Wall Street wavered through a listless session Monday, finishing little changed as investors cast aside upbeat earnings at Wal-Mart Stores Inc. and Lowe’s Cos. ahead of critical inflation and spending data later this week.
Strong results from Wal-Mart and Lowe’s came as a sign that consumers are still spending despite the recent spike in energy costs, brightening the holiday sales outlook. A pair of multibillion-dollar acquisitions also helped the market’s mood: Georgia-Pacific Corp. is being taken private and Host Marriott Corp. is buying 38 upscale hotels.
But with key government data on inflation and retail sales due this week, investors are waiting for indications of whether higher costs are driving up prices on consumer goods, said John Forelli, portfolio manager at Independence Investments LLC.
“Now that gas prices have come down, there’s more confidence that inflation will be kept at bay,” Forelli said. “But I’m not sure the market is really going to believe that until the [Federal Reserve] says so.”
Forecasts for a cold snap in the Northeast pressured crude oil despite recent reports that U.S. supplies are adequate for increased demand this winter.
The Dow Jones industrial average finished the day up 11.13 points, or 0.1 percent, while the broader Standard & Poor’s 500-stock index declined 0.96 point, or 0.1 percent. The Nasdaq composite index, full of technology stocks, gave up 1.52 points, or 0.1 percent.
Wall Street is coming off a three-week advance fed by lower oil prices and positive economic numbers, which have eased fears about the impact of recent hurricanes. But persistent inflation and interest rate worries have investors scouring for any hint of the economy’s health. This week’s economic data should determine if the market’s recent rally will continue, said Richard Dickson, chief market strategist of Lowry’s Research Reports.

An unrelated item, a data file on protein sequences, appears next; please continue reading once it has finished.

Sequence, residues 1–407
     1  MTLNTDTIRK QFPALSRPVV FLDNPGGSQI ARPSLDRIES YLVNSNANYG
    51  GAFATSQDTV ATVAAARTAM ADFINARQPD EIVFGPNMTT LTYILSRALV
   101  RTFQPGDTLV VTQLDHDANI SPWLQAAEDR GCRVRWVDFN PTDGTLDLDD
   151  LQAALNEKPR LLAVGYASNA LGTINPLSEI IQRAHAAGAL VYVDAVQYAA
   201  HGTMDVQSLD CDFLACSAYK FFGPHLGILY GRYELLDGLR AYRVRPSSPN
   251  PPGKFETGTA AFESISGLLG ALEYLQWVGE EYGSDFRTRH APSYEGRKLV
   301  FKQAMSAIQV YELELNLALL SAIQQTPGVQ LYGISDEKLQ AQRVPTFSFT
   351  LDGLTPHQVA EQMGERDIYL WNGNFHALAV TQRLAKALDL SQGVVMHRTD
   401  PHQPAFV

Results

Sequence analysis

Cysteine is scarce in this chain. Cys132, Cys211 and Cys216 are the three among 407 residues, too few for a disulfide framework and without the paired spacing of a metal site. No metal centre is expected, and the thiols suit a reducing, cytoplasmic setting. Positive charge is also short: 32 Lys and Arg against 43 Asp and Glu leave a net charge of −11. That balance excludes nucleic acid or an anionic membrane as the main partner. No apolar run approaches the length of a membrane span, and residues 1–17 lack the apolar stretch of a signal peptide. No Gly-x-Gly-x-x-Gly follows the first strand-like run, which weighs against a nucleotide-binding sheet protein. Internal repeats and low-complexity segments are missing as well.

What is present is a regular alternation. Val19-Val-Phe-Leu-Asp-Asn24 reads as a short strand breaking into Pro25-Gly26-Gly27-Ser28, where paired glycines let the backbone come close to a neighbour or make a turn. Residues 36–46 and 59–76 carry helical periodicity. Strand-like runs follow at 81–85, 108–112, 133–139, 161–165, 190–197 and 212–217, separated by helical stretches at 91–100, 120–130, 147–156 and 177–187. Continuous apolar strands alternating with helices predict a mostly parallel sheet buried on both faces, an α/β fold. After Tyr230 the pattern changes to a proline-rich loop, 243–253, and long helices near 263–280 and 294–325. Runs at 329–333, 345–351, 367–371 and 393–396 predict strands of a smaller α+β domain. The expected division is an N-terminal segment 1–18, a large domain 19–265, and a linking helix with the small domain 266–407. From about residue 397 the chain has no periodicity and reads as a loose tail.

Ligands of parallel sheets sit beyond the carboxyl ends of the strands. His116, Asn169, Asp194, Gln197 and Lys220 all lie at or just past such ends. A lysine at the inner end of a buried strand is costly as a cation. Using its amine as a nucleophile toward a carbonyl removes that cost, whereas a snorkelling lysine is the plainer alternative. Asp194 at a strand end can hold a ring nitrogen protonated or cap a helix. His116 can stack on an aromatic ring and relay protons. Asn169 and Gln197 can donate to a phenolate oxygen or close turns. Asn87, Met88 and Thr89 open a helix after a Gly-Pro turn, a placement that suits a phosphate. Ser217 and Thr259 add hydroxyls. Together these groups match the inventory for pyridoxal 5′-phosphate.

“I think [the market] has more to go,” Dickson said. “Particularly if the market reacts well to all the data this week, it will give people who’ve been sitting on the sidelines a reason to get in. “The reaction to those numbers should give us a better indication of what the remainder of the fourth quarter has in store,” he added.
Meanwhile, investors weighed comments from Fed Chairman Alan Greenspan, who warned that the nation’s trade deficit cannot grow wider but said any fallout should be countered by the economy’s flexibility. Many fear that foreigners — who finance the trade deficit — will grow wary of dollar-denominated investments and unload U.S. stocks and bonds.
Koch Industries Inc. has offered to buy Georgia-Pacific for $13.2 billion in cash, forming the nation’s largest private company with annual sales of about $80 billion. Georgia-Pacific jumped $12.63 to $47.28.
Host Marriott is paying Starwood Hotels & Resorts Worldwide Inc. $3.3 billion to acquire 38 domestic and overseas properties under the Westin, Sheraton, W Hotel, Luxury Collection and St. Regis banners. Host Marriott slid 79 cents to $16.65, while Starwood rose 76 cents to $60.02.
Knight-Ridder Inc., the nation’s No. 2 newspaper publisher, said it may put itself on the auction block after facing pressure from its largest stockholders. Knight-Ridder added 60 cents to $63.10.
In earnings news, Wal-Mart reported a 4 percent increase in third-quarter profit — matching analysts’ expectations — with sales adding 10 percent despite the setback dealt by hurricanes Katrina, Rita and Wilma. Wal-Mart gained 30 cents to $49.30.
Lowe’s said its earnings swelled 26 percent and beat Wall Street estimates by 4 cents per share, helped by 17 percent sales growth. Lowe’s climbed $2.92 to $64.89.
Tyson Foods Inc., the world’s biggest meat and poultry producer, posted a 49 percent jump in quarterly profit. However, its results were below expectations and the company issued a weak annual outlook. Tyson sank $1.99 to $16.51.
Overseas, Japan’s Nikkei stock average lost 0.28 percent. In Europe, Britain’s FTSE 100 rose 0.09 percent, Germany’s DAX index gained 0.03 percent, and France’s CAC-40 was higher by 0.26 percent.